Still the road of good intentions was paved with struggles. Many of them. So many that he left behind Chicago’s overbearing regulations and laws and found a safe haven in Cincinnati. It was here that he put down roots and set up Drobbatz Chemical Company, a nod at his German heritage.

He purchased two additional drug wholesale companies and established the network he would rely on for the rest of his career. His medicine company exploded and within years George controlled the sale of all product in 9 states. 

Suffering people all over the midwest and east found respite with George’s help. He employed over 3,000 people in his Cincinnati office. And made, in today’s numbers, over $644 million per year in revenue.

This isn’t a story about a greedy capitalist. George enjoyed the opportunity to share his wealth with others. He threw extravagant parties where he gave party favors in true Great Gatsby style. All the attending women would receive cars or diamond earrings. The men, diamond sticks.

He donated to charities too. Many of them. 

But, the government, as is sometimes the way of the government, didn’t like George. Maybe he made too much money. Perhaps it was his medicine they disapproved of. Either way, they came after him. And hard. 

When they finally caught up with him, they sucker punched him hard. Maybe they just didn’t like the look of his round, pudgy face. 

When George stood up again, after two years of battling in courts, which took him all the way to the supreme court, he ended up in prison. But, in a wise move he gave power of attorney over to his wife Imogen before heading to prison. 

His assets at the time from his medicine operation were extensive. To name a few, and all in today’s prices:

  • A home worth $12.8 million
  • A factory worth $3.65 million
  • And effective control of his $638 million dollar a year business
  • Throw in a few blank checks for his expenses, defenses, etc, pre signed and totaling $2.75 million

Now, that’s what I call true love.

Except it wasn’t. 

For he revealed all of these details to his inmate when in prison…

Who turned out to be a planted federal agent put there to collect more dirt on George.

They wanted his money and knew he had a lot of it. So, they sent Franklin, a star in his own right, but a man seeking a very different end result than George. 

And he got it. 

When he took the information related to George’s hidden wealth and, instead of reporting it to the government so they could steal it, slept with George’s wife.

This torrid affair gave Franklin the leverage he needed to take George’s wealth, which was controlled by Imogen at the time.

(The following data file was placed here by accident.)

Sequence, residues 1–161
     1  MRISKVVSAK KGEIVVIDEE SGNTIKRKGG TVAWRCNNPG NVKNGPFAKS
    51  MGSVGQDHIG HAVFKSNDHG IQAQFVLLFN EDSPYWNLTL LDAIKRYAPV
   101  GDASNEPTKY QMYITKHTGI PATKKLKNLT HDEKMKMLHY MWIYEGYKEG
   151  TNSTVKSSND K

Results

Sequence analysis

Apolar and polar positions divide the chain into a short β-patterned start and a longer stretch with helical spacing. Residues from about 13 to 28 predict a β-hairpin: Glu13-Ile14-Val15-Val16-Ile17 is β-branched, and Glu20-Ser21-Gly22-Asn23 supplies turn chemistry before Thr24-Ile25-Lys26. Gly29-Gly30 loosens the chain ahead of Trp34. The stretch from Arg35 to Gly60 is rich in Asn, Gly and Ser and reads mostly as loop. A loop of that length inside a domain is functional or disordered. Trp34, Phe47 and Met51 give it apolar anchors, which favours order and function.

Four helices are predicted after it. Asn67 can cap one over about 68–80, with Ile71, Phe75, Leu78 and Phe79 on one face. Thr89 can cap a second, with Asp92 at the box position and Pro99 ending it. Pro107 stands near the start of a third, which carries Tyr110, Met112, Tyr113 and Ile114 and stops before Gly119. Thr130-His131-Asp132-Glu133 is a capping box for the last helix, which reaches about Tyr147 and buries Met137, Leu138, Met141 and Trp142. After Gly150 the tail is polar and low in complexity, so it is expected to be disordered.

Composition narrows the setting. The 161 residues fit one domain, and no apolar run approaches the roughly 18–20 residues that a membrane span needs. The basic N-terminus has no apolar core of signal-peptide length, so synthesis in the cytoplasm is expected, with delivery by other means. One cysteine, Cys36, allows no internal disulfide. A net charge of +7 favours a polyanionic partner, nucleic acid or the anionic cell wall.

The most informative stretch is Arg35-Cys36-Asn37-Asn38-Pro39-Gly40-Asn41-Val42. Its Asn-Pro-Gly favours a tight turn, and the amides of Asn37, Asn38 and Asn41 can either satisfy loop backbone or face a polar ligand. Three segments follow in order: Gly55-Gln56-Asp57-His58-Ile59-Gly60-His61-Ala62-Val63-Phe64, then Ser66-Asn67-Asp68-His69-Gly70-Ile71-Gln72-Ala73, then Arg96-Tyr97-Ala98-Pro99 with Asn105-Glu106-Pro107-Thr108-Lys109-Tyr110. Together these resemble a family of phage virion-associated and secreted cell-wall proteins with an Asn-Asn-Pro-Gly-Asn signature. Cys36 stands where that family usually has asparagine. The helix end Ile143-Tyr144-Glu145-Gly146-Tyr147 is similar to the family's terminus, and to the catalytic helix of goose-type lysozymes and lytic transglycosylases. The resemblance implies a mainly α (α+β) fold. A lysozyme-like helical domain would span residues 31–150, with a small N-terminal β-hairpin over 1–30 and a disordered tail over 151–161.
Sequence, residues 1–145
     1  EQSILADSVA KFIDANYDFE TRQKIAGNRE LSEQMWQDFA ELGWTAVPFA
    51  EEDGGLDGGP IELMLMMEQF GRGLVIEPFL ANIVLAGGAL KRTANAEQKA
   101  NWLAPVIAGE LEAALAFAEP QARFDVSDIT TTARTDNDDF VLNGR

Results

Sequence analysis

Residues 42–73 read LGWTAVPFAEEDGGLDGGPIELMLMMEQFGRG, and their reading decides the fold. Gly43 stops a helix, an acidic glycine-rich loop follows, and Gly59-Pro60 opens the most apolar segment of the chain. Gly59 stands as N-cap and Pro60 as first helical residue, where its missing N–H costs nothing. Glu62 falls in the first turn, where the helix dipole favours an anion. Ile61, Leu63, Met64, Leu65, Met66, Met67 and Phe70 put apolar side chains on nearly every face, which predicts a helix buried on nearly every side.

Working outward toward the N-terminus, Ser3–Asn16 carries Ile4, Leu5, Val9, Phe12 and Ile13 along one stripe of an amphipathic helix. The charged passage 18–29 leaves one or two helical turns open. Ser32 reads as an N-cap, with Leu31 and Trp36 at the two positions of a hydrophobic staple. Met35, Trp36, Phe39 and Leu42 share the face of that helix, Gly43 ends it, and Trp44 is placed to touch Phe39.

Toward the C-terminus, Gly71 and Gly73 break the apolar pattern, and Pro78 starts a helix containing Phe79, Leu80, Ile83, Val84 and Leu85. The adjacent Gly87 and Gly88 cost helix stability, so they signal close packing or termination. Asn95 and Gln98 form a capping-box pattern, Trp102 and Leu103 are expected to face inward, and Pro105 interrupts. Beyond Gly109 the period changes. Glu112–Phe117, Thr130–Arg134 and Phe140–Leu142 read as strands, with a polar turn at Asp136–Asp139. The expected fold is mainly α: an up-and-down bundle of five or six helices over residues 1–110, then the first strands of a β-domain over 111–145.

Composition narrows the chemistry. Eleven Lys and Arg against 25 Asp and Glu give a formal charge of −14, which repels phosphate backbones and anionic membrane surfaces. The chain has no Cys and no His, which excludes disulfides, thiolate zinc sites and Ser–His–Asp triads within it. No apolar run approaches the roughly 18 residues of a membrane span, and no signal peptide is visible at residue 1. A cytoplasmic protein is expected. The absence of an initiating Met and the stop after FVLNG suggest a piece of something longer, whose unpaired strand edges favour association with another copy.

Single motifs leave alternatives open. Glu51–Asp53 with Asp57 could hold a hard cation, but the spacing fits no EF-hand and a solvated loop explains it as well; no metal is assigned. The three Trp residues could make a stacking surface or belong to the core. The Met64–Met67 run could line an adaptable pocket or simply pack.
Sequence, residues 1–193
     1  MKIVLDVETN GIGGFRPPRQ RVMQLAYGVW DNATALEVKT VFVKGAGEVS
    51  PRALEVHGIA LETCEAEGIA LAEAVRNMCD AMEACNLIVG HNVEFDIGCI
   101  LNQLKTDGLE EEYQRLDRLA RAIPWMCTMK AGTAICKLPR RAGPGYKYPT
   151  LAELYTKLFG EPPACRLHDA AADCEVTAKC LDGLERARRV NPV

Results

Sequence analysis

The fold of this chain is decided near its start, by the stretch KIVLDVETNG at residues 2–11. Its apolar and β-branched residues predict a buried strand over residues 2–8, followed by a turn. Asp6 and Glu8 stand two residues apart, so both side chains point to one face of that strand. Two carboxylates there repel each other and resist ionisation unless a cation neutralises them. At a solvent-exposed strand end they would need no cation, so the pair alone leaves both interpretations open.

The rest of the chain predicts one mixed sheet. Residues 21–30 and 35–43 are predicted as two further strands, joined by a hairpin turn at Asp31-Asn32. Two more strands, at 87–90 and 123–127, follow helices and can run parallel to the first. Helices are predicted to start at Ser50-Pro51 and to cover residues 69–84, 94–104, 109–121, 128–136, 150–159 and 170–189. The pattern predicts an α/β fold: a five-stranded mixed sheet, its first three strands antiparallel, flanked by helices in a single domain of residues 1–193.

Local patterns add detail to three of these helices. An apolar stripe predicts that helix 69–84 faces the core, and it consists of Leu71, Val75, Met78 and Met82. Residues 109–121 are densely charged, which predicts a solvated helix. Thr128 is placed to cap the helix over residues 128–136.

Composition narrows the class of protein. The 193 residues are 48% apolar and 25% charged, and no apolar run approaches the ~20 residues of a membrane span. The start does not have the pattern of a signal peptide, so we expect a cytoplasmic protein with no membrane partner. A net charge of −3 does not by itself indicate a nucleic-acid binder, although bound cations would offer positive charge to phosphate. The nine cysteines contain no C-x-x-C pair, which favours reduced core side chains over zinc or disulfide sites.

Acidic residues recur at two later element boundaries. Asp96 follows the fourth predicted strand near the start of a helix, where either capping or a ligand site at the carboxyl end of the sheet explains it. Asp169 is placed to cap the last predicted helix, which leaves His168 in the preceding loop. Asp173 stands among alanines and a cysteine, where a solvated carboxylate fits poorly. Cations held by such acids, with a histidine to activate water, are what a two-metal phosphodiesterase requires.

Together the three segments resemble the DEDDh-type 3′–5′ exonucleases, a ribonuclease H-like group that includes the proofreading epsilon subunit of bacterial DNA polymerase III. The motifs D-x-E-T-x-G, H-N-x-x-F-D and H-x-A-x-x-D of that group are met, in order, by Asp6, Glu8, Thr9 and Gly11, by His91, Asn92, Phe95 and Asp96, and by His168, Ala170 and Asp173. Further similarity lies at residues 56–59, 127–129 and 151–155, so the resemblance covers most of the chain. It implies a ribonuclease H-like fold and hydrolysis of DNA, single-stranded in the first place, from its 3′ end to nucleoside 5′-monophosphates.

To further his own survival, Franklin began working lead on another case tied to George, one he hoped would put George away for a long time. 

Franklin and Imogene worked anyway and liquidated all of his assets. They sent him mere pennies, a slap in the face, for all of his hard work and effort, and kept the rest. The factory worth $3.65 million was liquidated in a fire sale for $1 million. They gave George $4,000 and split up the rest.

When he was finally released from prison he went home, only to find his house stripped bare. A blank slate. Everything sold.

His wife was gone too. With Franklin. 

Distraught. Penniless. His entire empire, years of toil and hard work invested, all gone, when one woman, incapable of ever creating her own fortune, took her good fortune and sacked up with a corrupt federal agent.

Of course for George, a now broken and empty man, with love and fortune, or the daughter he had adopted and now called his own, he tracked down his wife Imogen. They met at a park, where George, for the second time only in his life, fire a gun, that shot hot lead into Imogen’s abdomen. 

He left her there and walked away, calmly. 

Imogen died in the hospital hours later.

And George, once more, ended up inside of a courtroom.

Except this time he relied on a a defense that he had invented years ago when a wealthy merchant had killed his own wife. 

A plea still used today with great effect. Transitory Insanity. 

A plea of temporary insanity. 

And in his closing remarks, which lasted for over an hour and a half he laid out the life of a young boy who started out in life supporting his family making $5 a month and embraced the American Dream by building an empire selling medicine. 

He spoke out, as he had many times, against the unlawfulness of the actions of the United States and the illegality of the 18th amendment, and not the illegality of his actions.

He talked about Franklin, the product of a corrupt government.

And himself. Just a poor immigrant who became “King of the Bootleggers,” when he, very publicly and, through all the proper legal channels, challenged the 18th amendment’s right to prohibit the production and sale of alcohol by buying up distilleries throughout the midwest –

Including the famous Fleischmann’s Distillery that was fire sold by Franklin and his deceased wife

Part of the Jack Daniel’s Distillery

And many more

Where he would, with legal state approval, ship the already existing product on hand across the midwest and east for

Medicinal reasons

Which was sold to patients

Who had been prescribed alcohol by legitimate doctors 

And also illegally through an extensive bootlegging channel in the midwest.

He stood before the jury and proclaimed:

“I don’t think there is one scruple of liquor ever prescribed by physicians that is used absolutely for medicinal purposes. 

It is the greatest comedy, the greatest perversion of justice that I have ever known of in any civilized country in the world.” 

And, although the trial took over 5 weeks

His full acquittal and innocent verdict took only 19 minutes to make

And the boy who became a pharmacist,

Then turned into a lawyer,

Before finally seeing how the criminals he defended were making money hand over fist selling booze 

Went into the game himself, as legally as he could

And became a king

Before his wife’s betrayal and a government enforcing by greed, not virtue,

took it all away.

The most curious part of it all. George never drank. Not a drop in his entire life. 

Anyway, I’ll drink to that.